by Matt Morris
We live in an increasingly digital world, and churches need to stay on top of things technologically. Just as digital Bibles on smartphones and tablets have increased in popularity, so also e-giving has become much more common and important.
For churches that don’t know where to start with adding an e-giving option, and for churches that want to encourage greater e-giving, here are a few things to consider.
1. E-giving helps develop members’ habit of giving regularly. Let’s think optimistically. The sermon series you preached on stewardship worked. You have people in your congregation who have never given who want to start.
You also have people in your congregation who have given sporadically before, but want to give on a regular basis. E-giving allows members to give regularly by setting up recurring tithes and offerings.
According to a Lifeway Research study, churches that have implemented e-giving have seen an 8 percent increase in total giving, on average.
2. E-giving allows you to engage younger generations. Take out your wallet and see how much cash you have. Better yet, take out your checkbook. Remember those? Do you even carry a checkbook anymore? I sure don’t.
And if you ask me to borrow a dollar, chances are I’ll say, “Sorry. I don’t carry cash.” I’m probably not alone. According to a Barna study, 39 percent of Christian Millennials give online, and 20 percent give via text.
Naturally, e-giving better serves younger generations in their giving habits. Online, mobile, and text giving allow you to reach to even more people and meet them where they are.
3. E-giving can be safe and secure. When I talk to pastors, one of the top reasons they give for not offering online giving is that it’s not safe.
But e-giving is exactly like online banking. It’s not uncommon for people to pay all or most of their bills online.
The payment card industry has levels of security that need to be met before a transaction can be processed. That’s true for e-giving as well.
4. E-giving can be a worship experience. Another reason pastors give for not offering e-giving is that it isn’t worshipful. However, I think the worship experience is what you make it.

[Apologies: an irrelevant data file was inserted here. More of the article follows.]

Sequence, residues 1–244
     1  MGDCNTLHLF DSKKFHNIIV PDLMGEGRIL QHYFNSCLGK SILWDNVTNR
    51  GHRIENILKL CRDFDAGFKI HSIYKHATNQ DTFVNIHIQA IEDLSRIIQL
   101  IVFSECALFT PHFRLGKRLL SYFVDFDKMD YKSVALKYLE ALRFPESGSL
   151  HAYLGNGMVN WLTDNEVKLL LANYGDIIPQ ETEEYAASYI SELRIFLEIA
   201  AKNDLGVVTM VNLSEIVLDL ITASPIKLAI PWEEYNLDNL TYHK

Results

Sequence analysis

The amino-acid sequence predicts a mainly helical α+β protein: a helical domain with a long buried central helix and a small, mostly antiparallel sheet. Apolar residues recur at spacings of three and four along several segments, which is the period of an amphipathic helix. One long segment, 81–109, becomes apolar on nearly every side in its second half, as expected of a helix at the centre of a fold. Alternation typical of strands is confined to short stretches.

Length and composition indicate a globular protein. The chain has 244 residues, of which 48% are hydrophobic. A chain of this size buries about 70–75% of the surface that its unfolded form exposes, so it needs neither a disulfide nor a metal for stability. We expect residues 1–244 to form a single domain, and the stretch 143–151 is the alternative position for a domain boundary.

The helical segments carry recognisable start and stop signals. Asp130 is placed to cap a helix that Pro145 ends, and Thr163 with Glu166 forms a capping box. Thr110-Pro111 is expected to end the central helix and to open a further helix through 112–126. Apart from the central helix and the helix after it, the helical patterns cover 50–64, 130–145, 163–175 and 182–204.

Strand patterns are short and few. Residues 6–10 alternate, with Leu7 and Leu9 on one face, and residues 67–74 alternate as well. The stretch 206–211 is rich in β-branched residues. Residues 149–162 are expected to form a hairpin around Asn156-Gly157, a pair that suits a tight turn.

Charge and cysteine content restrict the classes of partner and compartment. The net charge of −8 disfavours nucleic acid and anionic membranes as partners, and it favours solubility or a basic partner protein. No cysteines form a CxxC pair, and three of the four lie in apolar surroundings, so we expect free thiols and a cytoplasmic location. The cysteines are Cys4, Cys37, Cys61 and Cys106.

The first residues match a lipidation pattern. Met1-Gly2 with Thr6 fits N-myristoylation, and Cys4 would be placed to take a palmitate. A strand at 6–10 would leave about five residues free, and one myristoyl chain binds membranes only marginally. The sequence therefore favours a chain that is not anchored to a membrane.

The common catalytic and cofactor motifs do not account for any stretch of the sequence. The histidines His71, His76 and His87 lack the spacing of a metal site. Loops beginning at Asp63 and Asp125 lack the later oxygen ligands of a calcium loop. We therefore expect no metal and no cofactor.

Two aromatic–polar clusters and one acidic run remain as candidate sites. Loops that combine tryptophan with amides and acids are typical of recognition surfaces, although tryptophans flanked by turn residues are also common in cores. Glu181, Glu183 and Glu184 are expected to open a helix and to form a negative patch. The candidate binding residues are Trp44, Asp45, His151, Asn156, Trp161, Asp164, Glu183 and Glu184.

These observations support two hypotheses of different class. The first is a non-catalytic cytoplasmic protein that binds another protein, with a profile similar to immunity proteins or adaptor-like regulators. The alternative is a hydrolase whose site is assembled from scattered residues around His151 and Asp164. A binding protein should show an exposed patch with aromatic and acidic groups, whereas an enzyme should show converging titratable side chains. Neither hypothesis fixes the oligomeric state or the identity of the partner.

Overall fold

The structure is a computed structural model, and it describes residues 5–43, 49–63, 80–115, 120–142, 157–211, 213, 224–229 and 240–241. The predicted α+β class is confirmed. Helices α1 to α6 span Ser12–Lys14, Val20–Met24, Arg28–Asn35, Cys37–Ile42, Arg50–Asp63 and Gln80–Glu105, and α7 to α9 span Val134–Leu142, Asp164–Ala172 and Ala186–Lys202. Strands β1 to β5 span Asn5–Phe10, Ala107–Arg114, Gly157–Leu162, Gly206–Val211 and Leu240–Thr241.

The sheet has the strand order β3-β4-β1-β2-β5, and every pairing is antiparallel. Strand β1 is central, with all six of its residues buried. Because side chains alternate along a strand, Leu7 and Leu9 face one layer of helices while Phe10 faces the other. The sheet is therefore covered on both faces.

Making stewardship a priority by sitting down with your spouse and children one night a week and giving your tithe can be a worship experience.
Parents can use that opportunity to teach their kids that God calls us to be cheerful givers and why we are called to give.
5. E-giving can provide flexibility to you and your members. There are various mediums of e-giving. The most common is online giving, allowing your members to give through your website.
The other less common forms are mobile giving, text giving, and kiosk giving. Some people may prefer to give on your website, while others may prefer to give via mobile app or text.
Another area of flexibility is payment method. Some churches are opposed to accepting credit cards and only want to accept debit cards and checks, while others may want to accept checks only.
Partnering with a company that offers all three is the best scenario. Twenty:28 is a solution Lifeway launched earlier this year that offers website development, mobile apps, and e-giving in one ecosystem.
Another consideration is the possibility of funding your church’s digital presence with e-giving. Twenty:28 customers who meet a giving threshold, based on the pricing plan they choose, will receive their website and mobile app free of charge.
In essence, the more a church uses it, the less it costs. This enables churches to better connect with their congregation and community through their website and mobile app, while allowing members to serve their church through faithful stewardship.
Good stewardship and generosity are an integral part of following Christ, individually and collectively as the church. Giving truly is a worship experience, and e-giving is just another way for people and churches to honor God with the resources He has graciously provided for us.
Matt Morris (@MattMorris80) leads digital strategy and electronic publishing for Lifeway.